Monday 15 March 2010

Around Creswick

Creswick is a lovely little town  which during the gold mining boom in the 1850s had a population of up to 25,000 today it's around 4,000

Norman Lindsay et al
Because I share the same surname I was interested to discover that in 1864 Dr. Robert Lindsay set up his practice in Creswick and in 1866 moved to a house at the corner of Raglan and Cambridge Streets, a few doors from the Grammar School. His son Norman, author and painter, depicted aspects of Creswick in three of his novels, Saturdee, Red Heap and Halfway to Anywhere. Another son, Percy, painted numerous scenes of Creswick, of which over twenty are in the Ballarat Fine Art Gallery Collection. One Percy Lindsay painting depicts Chinatown, Creswick, a reminder of the Chinese gold miners.

Creswick Museum is currently (until May 2010) staging an exhibition of the art and life of Sir Daryl and Lady Joan Lindsay. Sir Daryl was a recognized artist, writer and arts administrator. His wife Joan was also an artist, but is best known as a writer, in particular for "Picnic at Hanging Rock".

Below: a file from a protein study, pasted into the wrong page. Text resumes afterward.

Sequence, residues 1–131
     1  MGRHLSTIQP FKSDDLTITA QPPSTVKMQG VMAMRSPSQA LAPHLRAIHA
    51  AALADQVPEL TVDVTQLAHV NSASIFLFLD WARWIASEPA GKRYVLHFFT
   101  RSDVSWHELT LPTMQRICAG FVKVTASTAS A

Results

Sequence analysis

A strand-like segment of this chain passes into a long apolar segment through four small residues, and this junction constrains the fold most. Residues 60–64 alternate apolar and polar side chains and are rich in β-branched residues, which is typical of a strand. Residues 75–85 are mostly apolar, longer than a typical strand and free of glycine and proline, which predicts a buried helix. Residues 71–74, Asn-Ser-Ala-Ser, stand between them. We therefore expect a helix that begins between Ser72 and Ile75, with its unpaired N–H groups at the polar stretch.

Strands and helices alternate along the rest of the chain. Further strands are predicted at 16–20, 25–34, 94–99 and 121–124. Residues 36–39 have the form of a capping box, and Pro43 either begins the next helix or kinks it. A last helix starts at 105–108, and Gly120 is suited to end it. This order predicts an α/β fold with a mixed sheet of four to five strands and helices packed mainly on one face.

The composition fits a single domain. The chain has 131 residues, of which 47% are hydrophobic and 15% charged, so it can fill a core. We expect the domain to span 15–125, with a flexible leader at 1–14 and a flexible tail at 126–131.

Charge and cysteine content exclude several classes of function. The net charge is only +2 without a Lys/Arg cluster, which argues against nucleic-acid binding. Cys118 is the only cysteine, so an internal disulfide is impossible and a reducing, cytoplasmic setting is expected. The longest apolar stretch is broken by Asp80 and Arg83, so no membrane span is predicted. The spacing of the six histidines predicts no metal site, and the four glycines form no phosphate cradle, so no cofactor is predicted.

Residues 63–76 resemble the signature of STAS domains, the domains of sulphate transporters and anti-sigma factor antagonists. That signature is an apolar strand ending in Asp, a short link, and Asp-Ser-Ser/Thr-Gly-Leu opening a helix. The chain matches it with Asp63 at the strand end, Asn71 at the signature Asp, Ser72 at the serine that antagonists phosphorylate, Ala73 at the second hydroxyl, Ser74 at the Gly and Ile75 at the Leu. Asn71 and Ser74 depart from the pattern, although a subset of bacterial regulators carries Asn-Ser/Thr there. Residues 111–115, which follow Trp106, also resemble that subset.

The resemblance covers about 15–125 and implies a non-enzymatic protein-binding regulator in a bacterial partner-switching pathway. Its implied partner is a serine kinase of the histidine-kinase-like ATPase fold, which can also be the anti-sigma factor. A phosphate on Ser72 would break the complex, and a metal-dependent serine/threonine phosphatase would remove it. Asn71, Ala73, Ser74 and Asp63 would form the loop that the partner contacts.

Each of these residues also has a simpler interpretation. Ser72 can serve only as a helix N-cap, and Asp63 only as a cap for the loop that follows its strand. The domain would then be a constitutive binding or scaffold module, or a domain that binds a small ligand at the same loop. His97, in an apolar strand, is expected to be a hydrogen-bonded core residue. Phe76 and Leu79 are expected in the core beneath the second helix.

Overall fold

I wondered about the origins of Calambeen Lake, thinking it may have been a volcanic crater, but after much searching found it was the site of a Chinese camp (much in decline when painted by Percy Lindsay in 1894), and was mined by sluicing around the turn of the century. A swimming pool (1910) was constructed in a hole made by the sluicing, it's also spring fed and regularly stocked with redfin and golden perch fish. 

The architecturally interesting (I think) Creswick Visitor centre 
(Ann & Ian might be an idea here for your landscaping - a dry stream bed/moat)
Another view of visitor centre

On Saturday we drove 20kms up the road to another historic mining town - Clunes.  Apart from the picturesque streetscape the Number One drawcard was Widow Twankey's Cafe and Sweet Emporium - absolutely delicious food (not much of a website though) - we shared 2 crepes with fresh asparagus, lemon juice and feta AND mushrooms with hazelnut pesto on organic rye sourdough bread; finishing with iced coffee (total cost only $14 each!!).  I also bought a stick of Edinburgh Castle Rock ($1.60) - when we were children our grandmother used to send us a Christmas hamper and this always included the much desired Edinburgh rock - ahhh memories - it tasted just as good as I remembered.

The Number 2 drawcard was The Clunes Community Bookshop which is run entirely by volunteers and has a really excellent Crime section [Laurie went completely mad here :) ].  There is a Booktown festival held each year in April/May when the whole village turns into a European style booktown 

Clunes from the diggings overlooking the town
Streetscape Clunes
The Bottle Museum (previously Primary School)
Walkway to Town Hall

"Another Cafe" in Clunes
An attempt at being "arty" - hay bales on the way to Clunes